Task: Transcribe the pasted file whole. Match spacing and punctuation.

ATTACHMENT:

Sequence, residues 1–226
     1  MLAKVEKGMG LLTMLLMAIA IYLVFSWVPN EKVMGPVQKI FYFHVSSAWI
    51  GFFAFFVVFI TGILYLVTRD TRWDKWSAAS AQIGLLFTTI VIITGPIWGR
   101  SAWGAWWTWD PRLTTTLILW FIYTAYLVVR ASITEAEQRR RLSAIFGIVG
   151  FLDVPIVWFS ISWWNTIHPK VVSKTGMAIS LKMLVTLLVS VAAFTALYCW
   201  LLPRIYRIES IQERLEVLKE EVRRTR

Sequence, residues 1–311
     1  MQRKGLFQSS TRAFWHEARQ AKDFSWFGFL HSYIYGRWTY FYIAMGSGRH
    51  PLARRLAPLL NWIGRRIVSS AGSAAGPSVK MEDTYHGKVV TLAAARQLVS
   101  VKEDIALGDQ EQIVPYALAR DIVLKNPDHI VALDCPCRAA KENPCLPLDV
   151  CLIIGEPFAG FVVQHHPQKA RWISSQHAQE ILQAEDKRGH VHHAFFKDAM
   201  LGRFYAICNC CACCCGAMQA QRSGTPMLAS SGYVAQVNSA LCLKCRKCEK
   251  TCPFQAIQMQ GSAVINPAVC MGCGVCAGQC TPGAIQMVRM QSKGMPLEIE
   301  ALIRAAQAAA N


Sequence, residues 1–226
     1  MLAKVEKGMG LLTMLLMAIA IYLVFSWVPN EKVMGPVQKI FYFHVSSAWI
    51  GFFAFFVVFI TGILYLVTRD TRWDKWSAAS AQIGLLFTTI VIITGPIWGR
   101  SAWGAWWTWD PRLTTTLILW FIYTAYLVVR ASITEAEQRR RLSAIFGIVG
   151  FLDVPIVWFS ISWWNTIHPK VVSKTGMAIS LKMLVTLLVS VAAFTALYCW
   201  LLPRIYRIES IQERLEVLKE EVRRTR

Sequence, residues 1–311
     1  MQRKGLFQSS TRAFWHEARQ AKDFSWFGFL HSYIYGRWTY FYIAMGSGRH
    51  PLARRLAPLL NWIGRRIVSS AGSAAGPSVK MEDTYHGKVV TLAAARQLVS
   101  VKEDIALGDQ EQIVPYALAR DIVLKNPDHI VALDCPCRAA KENPCLPLDV
   151  CLIIGEPFAG FVVQHHPQKA RWISSQHAQE ILQAEDKRGH VHHAFFKDAM
   201  LGRFYAICNC CACCCGAMQA QRSGTPMLAS SGYVAQVNSA LCLKCRKCEK
   251  TCPFQAIQMQ GSAVINPAVC MGCGVCAGQC TPGAIQMVRM QSKGMPLEIE
   301  ALIRAAQAAA N